Possession and Repetition

Ways in which Korean Lay Buddhists Appropriate Scriptures

Authors

  • Yohan Yoo Seoul National University, Seoul, Korea

DOI:

https://doi.org/10.1558/post.v6i1-3.243

Keywords:

Korean Buddhism, iconic book, Buddhist Sutras, appropriating scripture

Abstract

This article demonstrates the need for the iconic status and function of Buddhist scripture to receive more attention by illuminating how lay Korean Buddhists try to appropriate the power of sutras. The oral and aural aspects of scripture, explained by Wilfred Cantwell Smith, provide only a limited understanding of the characteristics of scripture. It should be noted that, before modern times, most lay people, not only in Buddhist cultures but also in Christian and other traditions, neither had the chance to recite scriptures nor to listen to their recitations regularly. Several clear examples demonstrate contemporary Korean Buddhists’ acceptance of the iconic status of sutras and their attempt to appropriate the power and status of those sacred texts. In contemporary Korea, lay Buddhists try to claim the power of scriptures in their daily lives by repeating and possessing them. Twenty-first century lay believers who cannot read or recite in a traditional style have found new methods of repetition, such as internet programs for copying sacred texts and for playing recordings of their recitations. In addition, many Korean Buddhists consider the act of having sutras in one’s possession to be an effective way of accessing the sacred status and power of these texts. Hence, various ways of possessing them have been developed in a wide range of products, from fancy gilded sutras to sneakers embroidered with mantras.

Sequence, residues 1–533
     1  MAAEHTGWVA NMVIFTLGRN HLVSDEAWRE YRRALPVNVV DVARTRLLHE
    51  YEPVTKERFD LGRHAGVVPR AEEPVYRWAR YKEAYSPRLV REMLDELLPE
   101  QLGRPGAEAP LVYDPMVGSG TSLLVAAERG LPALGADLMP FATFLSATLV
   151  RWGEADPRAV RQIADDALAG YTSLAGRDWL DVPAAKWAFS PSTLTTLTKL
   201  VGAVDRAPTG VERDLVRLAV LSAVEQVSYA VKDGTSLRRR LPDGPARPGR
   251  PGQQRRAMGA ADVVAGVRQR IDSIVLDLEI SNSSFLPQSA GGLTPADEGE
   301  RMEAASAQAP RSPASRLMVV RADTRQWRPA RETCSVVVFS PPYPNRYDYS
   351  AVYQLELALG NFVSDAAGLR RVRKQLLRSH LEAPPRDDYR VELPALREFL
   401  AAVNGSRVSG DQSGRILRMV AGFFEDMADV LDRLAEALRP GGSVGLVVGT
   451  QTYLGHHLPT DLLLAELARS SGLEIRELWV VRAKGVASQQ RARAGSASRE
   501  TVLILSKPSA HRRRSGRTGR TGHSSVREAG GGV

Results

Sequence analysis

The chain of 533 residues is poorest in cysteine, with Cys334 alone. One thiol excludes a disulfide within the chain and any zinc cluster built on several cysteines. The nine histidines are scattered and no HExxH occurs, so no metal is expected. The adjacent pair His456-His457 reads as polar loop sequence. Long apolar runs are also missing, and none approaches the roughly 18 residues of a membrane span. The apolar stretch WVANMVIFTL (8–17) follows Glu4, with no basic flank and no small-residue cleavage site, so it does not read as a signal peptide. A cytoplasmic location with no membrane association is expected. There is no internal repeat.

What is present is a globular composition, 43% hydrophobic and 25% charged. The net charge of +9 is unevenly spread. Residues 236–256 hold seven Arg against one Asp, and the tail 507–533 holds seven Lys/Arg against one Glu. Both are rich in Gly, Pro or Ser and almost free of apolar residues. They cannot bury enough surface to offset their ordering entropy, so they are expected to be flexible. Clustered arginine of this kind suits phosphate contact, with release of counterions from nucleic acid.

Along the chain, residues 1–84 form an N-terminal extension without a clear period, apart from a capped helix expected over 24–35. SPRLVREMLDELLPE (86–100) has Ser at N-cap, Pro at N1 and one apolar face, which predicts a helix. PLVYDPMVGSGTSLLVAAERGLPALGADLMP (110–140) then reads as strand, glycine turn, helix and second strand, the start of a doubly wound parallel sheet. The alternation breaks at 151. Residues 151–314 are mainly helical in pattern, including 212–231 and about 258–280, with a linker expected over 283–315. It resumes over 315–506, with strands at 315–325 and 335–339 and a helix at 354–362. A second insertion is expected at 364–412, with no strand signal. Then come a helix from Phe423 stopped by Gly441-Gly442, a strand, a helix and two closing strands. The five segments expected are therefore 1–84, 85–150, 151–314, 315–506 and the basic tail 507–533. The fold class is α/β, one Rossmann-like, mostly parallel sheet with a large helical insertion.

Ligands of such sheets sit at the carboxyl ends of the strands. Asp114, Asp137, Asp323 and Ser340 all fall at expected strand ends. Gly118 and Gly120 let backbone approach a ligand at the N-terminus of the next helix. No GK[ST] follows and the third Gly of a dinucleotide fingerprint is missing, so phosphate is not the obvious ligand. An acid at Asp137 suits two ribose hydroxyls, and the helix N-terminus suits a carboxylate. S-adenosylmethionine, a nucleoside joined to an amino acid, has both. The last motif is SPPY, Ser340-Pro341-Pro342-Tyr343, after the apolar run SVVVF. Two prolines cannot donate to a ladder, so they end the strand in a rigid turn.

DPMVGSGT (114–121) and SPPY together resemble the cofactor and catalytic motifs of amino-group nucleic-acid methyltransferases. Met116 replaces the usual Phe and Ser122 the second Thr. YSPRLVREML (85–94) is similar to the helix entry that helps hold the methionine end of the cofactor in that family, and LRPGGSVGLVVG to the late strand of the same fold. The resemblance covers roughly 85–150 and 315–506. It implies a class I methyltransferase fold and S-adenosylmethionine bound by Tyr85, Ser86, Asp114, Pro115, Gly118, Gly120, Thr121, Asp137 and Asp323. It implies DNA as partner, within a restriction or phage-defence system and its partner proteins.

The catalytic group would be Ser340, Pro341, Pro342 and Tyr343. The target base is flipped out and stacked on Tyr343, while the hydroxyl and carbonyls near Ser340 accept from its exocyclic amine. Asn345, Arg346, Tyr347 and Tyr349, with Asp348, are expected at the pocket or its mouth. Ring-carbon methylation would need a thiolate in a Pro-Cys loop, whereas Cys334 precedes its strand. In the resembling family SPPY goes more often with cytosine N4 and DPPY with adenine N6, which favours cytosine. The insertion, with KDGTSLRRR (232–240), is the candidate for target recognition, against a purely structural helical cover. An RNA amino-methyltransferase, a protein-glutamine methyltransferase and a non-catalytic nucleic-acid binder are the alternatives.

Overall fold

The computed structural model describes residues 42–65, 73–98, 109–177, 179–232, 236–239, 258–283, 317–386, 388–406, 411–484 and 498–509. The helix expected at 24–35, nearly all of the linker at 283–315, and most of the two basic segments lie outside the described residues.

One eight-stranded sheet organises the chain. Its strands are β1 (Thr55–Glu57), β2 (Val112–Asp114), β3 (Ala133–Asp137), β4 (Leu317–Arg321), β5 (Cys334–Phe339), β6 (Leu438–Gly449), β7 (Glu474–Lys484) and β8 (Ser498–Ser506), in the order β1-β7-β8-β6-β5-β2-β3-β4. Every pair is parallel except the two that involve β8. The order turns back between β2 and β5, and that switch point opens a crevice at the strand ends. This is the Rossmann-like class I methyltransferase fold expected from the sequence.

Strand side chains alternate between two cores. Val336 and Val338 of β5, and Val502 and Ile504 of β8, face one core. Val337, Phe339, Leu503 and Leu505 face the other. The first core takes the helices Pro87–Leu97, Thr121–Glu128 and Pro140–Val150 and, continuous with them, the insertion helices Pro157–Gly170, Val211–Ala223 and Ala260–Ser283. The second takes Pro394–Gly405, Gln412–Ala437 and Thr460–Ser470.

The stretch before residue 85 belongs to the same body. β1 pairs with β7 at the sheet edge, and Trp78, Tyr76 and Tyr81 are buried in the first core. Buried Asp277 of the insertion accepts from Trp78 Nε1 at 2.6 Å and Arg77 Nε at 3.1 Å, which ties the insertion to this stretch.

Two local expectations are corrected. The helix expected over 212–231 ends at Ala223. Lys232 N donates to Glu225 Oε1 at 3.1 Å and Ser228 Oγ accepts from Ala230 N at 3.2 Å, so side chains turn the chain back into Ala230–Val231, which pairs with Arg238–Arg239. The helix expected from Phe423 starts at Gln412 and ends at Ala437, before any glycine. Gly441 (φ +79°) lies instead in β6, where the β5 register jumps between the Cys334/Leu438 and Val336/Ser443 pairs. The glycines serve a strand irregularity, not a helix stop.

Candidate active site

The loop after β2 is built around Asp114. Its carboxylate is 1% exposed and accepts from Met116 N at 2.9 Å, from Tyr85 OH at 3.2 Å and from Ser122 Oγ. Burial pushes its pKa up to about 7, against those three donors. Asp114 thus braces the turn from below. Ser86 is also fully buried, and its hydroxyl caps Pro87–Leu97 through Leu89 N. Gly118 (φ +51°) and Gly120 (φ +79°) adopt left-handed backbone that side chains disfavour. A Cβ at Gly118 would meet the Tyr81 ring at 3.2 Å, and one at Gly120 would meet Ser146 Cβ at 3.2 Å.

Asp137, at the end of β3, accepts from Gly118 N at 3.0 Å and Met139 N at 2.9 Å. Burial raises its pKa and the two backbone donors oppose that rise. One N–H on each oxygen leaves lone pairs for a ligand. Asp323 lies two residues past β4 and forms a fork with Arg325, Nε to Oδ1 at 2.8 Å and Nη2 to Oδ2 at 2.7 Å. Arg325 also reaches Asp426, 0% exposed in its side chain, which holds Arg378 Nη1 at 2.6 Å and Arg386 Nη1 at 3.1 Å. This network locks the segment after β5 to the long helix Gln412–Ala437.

Author Biography

Yohan Yoo, Seoul National University, Seoul, Korea

Assistant Professor, Department of Religious Studies, Seoul National University.

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Published

2012-06-27

How to Cite

Yoo, Y. (2012). Possession and Repetition: Ways in which Korean Lay Buddhists Appropriate Scriptures. Postscripts: The Journal of Sacred Texts, Cultural Histories, and Contemporary Contexts, 6(1-3), 243-259. https://doi.org/10.1558/post.v6i1-3.243

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Section

Articles